Emergency Management

The Alberta Emergency Alert app provides immediate critical information during times of imminent threat to the community. Siksika Public Safety encourages all community members to download the app on cell phone and devices.

Emergency Preparedness

Emergency Management, a service provided by Siksika Nation Public Safety, is the managerial function charged with creating the framework within which communities reduce vulnerability to hazards and cope with disasters or major events. Siksika Nation Public Safety seeks to promote public safety, protect our culture, prepare vulnerable communities with the capacity to cope with hazards and disasters.

We aspire to protect our community by coordinating and integrating all activities necessary to build, sustain, and improve the capability to mitigate against, prepare for, respond to, and recover from threatened or actual natural disasters, acts of terrorism, or other man-made disasters.

72 Hour Prep Kits

Watch a video to learn about the importance of an emergency kit! For more information about Emergency Kits, check out https://www.alberta.ca/build-an-emergency-kit.aspx

Fire Events

How to become fire ready:

  1. Avoid accidental fire start. Learn how to be fire safe with tools, campfires, and BBQs.
  2. Many grassfires are started due to hot engines of vehicles.  Do not stop your vehicle or off highway vehicle (quad, dirt bike) on dry grass.
  3. Prepare your family to know how to respond during a fire event.
  4. Work with your neighbours.  Talk with community members, elders, and Nation staff to share wildfire preparedness information.
  5. Stay informed.  Follow emergency alerts and Nation media.

Flood Events

Flooding can come from both overflowing riverbanks and from weather related precipitation. Early recognition of the rising risk of flooding is important.  Siksika Public Safety monitors river levels during the spring melt and during weather events.  However, you can help by informing the Nation services when you detect warning signs.

  1. If you see the river and tributaries rising to within 5 meters of the bank, report this to Public Safety Dispatch Centre.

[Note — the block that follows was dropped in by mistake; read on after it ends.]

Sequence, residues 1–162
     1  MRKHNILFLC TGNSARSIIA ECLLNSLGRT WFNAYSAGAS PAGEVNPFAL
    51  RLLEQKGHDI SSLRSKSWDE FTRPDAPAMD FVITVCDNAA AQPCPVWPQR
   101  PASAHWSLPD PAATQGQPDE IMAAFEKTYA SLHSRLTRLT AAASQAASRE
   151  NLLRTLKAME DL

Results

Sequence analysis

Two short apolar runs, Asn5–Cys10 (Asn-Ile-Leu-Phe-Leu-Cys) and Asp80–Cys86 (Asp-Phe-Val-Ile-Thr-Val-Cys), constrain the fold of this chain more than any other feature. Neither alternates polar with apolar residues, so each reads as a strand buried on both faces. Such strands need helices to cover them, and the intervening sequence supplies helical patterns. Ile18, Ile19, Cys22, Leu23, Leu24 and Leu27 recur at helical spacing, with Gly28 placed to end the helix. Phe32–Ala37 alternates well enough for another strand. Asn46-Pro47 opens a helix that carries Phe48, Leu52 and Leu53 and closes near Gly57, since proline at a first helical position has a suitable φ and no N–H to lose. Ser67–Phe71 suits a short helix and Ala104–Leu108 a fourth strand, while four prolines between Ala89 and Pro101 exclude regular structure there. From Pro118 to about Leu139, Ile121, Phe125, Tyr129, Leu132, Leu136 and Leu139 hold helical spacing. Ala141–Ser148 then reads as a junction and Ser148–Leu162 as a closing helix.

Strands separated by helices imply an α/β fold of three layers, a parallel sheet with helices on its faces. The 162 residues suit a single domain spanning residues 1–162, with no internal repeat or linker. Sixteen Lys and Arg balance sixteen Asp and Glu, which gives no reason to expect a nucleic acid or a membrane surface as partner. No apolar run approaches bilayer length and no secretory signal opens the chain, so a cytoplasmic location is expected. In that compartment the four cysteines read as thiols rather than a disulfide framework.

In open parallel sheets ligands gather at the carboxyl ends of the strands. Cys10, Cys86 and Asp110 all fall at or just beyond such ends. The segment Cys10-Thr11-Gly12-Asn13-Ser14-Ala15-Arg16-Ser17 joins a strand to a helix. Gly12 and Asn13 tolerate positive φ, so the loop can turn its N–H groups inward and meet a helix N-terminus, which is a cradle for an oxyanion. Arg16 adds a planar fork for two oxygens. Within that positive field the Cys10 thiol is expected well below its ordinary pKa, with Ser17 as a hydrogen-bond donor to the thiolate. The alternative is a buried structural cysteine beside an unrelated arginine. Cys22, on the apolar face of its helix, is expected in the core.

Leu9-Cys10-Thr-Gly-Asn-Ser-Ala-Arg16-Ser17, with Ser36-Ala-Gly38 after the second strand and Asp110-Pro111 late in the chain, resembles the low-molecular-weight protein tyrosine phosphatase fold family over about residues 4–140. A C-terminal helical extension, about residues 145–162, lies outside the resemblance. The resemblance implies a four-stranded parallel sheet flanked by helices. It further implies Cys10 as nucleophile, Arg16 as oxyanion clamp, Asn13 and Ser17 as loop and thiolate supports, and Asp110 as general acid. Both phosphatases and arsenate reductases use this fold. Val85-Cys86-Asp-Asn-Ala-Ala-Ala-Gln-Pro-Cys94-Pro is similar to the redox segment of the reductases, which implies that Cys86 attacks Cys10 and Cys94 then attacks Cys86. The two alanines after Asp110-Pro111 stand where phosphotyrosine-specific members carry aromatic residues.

2. If water is pooling around the foundation of your home, call Siksika Housing to report the potential for flooding.
  3. During winter months, remove drifting snow from the foundation of the house.
  4. If you are the chronic victim of home flooding, place valuables off of the floor in basements.
  5. Ensure you know of all routes of evacuation from your neighbourhood.

Weather Events

Summer Storms

The risk from summer storms is typically related to precipitation, wind and extreme temperatures.

  1. Rain fall brings risks of overland flooding.  See “Flood Events” for tips to avoid this risk.
  2. Wind can create damage to property and poses a risk of injury.  It is recommended that you stay indoors when the wind is strong enough to blow large items or to collapse buildings.

Extreme temperatures are not uncommon.  It is recommended that you limit your time outdoors during times of high temperatures.

  1. Wear a head covering when out in the sun for moderate to long periods.
  2. Stay hydrated by drinking lots of water when outdoors.
  3. Maximize airflow through the home by opening windows.
  4. Keep check on friends and family, especially the elderly, medically vulnerable,  and people at risk of heat related injuries.


Winter Storms

Winter storms are a normal aspect of winter life.  The risk from winter storms is typically related to large snow falls, wind and extreme temperatures.

Extreme temperatures are not uncommon.  Winter wind poses a very real risk of frostbite.  It is recommended that you stay indoors when the wind is strong enough and cold enough to cause injury.  It is recommended that you limit your time outdoors during times of extreme low temperatures.

  1. Once the wind chill makes the temperature feel like –28 or colder, exposed skin can freeze in under 30 minutes. When it drops to –40, frostbite can occur in less than 10 minutes. Take it to –55, and you’re in danger within two minutes. Anything colder than that and Environment Canada warns you shouldn’t go outside at all. 
  2. If you are traveling in a vehicle during such weather, ensure your vehicle is stocked with blankets, hats, gloves, and appropriate footwear in case of emergency.
  3. Prepare a 72 Hour Prep Kit, containing food, water, blankets, warm clothing, medication, and other essential needs to allow you to safely remain in your home if travel is not possible. Check out the link above for 72 Hour Prep Kits.
  4. In the event that the furnace fails in your home, contact Siksika Housing to report this emergency.  If this occurs after regular business hours, you can contact Siksika Public Safety Dispatch Centre to report this.

Pandemic Events

Pandemics can be very complex events, but are very rare.  In the event that an illness threatens the community, steps to be taken are dependent on the illness.


  1. Follow all Nation rules and regulations put forward for the health and safety on Nation members.
  2. Follow all provincial and federal rules and regulations.
  3. Limit physical contact with vulnerable people, such as the elderly and people who have compromised immune systems.
  4. Report all illness, no matter how mild, to your healthcare provider.